F.M. testified about the investigation of the crime, and McDonald's molestation of her. As to the police investigation, F.M.'s testimony was inconsistent with that of Officer Peterson. F.M. testified that she did not speak to the police at her grandmother's home. Instead, she testified that she did not tell police of the assault until she went to the police station.

As to McDonald's molestation of her, F.M. testified that in July 1993 McDonald and her two uncles came to the apartment in which she was living, and asked her to go with them to a building at 55th and Union. The men had been drinking, and once at the building, the two uncles went to a friend's apartment. McDonald stayed with F.M., and told her to go to another apartment to watch television. After about 30 minutes, McDonald came to the apartment F.M. was in, took her clothes off, and had sexual intercourse with her. F.M. also testified that McDonald had sexual contact with her four times in 1987, when she was seven years old.

Calvin Mays, one of F.M.'s uncles that was drinking with McDonald on the day of the assault, corroborated F.M.'s testimony. Calvin testified that he, his brother, McDonald, and F.M. were cleaning a building at 56th and Union. Sometime during the evening, Calvin and his brother went to a friend's apartment, but F.M. and McDonald did not accompany them. Calvin testified that he did not see either McDonald or F.M. for about 45 minutes.

McDonald's counsel chose not to present any witnesses. After the jury returned a guilty verdict, the court conducted a separate sentencing hearing, and sentenced McDonald to natural life in prison.

With new counsel, McDonald filed a direct appeal, arguing three points: (1) the trial court improperly denied his motion to suppress; (2) the evidence did not establish his guilt beyond a reasonable doubt; and (3) the trial court erroneously denied his motion in limine to bar evidence of his prior sexual assaults of F.M. The appellate court affirmed McDonald's conviction. McDonald then sought leave to appeal the same issues in the Illinois Supreme Court, which was denied.

McDonald then filed a pro se post-conviction petition, alleging:

(1) ineffective assistance of appellate counsel;

(2) ineffective assistance of trial counsel;

(3) he was arrested without probable cause;

(4) the Illinois Habitual Criminal Act violates the Illinois constitution because it violates the single subject rule; and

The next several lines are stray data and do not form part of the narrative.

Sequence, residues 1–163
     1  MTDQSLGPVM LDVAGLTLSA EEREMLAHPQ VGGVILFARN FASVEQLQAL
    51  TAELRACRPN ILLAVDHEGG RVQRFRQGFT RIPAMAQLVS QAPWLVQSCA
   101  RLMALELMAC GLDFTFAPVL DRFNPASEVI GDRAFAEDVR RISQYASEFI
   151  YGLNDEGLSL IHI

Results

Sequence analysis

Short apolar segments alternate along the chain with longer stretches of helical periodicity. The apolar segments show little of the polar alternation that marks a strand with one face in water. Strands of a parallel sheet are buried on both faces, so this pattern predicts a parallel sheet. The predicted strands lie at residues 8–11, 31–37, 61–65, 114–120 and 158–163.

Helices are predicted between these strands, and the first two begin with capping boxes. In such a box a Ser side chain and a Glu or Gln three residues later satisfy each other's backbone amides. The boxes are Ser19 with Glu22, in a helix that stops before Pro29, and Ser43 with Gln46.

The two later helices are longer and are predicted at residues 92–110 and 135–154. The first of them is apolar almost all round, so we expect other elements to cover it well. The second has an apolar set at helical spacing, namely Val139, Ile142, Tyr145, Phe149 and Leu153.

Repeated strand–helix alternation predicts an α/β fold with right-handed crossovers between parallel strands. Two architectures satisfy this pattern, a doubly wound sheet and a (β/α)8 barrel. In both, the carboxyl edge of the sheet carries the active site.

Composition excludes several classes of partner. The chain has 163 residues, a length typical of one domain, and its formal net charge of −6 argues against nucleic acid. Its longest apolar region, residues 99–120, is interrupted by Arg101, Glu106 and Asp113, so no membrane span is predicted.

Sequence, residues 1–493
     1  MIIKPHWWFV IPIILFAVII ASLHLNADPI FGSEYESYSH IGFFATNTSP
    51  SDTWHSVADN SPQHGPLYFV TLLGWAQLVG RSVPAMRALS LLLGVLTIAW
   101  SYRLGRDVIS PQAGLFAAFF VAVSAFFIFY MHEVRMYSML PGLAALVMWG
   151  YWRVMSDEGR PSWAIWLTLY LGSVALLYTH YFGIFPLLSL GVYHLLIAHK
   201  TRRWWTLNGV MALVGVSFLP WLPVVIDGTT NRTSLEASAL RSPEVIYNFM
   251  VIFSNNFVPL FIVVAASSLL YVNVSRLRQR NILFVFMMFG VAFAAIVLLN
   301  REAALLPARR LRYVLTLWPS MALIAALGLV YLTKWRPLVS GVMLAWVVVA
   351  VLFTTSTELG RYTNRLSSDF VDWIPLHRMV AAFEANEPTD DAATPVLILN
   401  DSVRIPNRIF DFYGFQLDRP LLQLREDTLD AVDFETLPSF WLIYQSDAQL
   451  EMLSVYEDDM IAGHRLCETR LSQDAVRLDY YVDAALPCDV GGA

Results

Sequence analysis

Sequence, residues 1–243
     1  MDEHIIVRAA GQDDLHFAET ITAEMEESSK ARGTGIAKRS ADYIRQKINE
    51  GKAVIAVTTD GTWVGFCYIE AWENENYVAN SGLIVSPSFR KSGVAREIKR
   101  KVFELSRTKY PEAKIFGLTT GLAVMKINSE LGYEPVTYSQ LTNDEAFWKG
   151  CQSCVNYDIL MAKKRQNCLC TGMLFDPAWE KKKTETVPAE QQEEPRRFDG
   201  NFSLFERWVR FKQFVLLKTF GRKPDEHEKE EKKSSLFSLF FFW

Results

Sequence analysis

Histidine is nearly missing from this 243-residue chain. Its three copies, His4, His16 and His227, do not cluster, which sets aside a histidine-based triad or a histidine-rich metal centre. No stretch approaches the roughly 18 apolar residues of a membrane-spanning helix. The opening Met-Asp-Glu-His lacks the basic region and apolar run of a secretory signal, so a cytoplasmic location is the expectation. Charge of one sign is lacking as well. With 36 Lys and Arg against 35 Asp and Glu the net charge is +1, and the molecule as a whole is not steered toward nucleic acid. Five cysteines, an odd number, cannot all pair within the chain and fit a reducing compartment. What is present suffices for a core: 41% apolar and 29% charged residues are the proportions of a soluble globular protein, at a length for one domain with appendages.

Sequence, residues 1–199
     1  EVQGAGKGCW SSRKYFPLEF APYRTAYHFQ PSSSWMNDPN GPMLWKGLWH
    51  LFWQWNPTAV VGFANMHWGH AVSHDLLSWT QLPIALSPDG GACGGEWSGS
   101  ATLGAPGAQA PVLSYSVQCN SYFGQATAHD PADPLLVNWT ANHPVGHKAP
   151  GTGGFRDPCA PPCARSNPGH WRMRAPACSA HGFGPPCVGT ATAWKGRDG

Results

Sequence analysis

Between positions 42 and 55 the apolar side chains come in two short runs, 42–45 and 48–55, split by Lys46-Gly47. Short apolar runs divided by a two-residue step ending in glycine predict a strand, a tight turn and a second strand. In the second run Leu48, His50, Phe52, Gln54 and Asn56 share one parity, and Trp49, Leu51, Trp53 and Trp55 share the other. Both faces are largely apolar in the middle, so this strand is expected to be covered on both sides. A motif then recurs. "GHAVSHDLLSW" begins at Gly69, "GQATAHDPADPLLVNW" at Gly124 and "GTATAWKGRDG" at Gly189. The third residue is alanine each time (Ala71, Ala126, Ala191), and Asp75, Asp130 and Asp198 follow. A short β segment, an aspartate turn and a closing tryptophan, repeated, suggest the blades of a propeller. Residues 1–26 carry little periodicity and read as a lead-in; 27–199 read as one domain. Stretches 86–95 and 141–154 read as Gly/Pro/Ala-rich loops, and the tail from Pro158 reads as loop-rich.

(5) the admission of prior crimes evidence constitutes double jeopardy.

(See R. 8, Ex. F.)

In a six page written order, the trial court denied McDonald's post-conviction petition as frivolous and patently without merit. (See R. 8, Ex. G, pg. 6.) The court found that McDonald's claim of no probable cause for arrest was barred by res judicata. (See id. at pg. 3.) The court also found that McDonald failed to present any evidence to support his claims of ineffective assistance of counsel. (See id. at pg. 4.) Additionally, the court rejected McDonald's complaints with the Habitual Criminal Act, in accordance with People v. Dunigan, 165 Ill.2d 235, 209 Ill.Dec. 53, 650 N.E.2d 1026 (1995) (finding that the Act complied with the Illinois constitution). (See R. 8, Ex. G, pp. 56.) The court did not address McDonald's double jeopardy argument.

McDonald appealed the denial of his post-conviction petition. McDonald had the assistance of counsel on this appeal, and also filed a pro se brief. Together, McDonald and his counsel raised the following issues:

(1) ineffective assistance of trial counsel for failing to call a specific defense witness;

(2) ineffective assistance of appellate counsel;

(3) the Habitual Criminal Act is unconstitutional because it:

(a) discriminates against African-American men;

(b) re-examines prior convictions in violation of the 7th and 14th Amendments;
(c) is an ex post facto law because it inflicts greater punishment for a crime than when the ...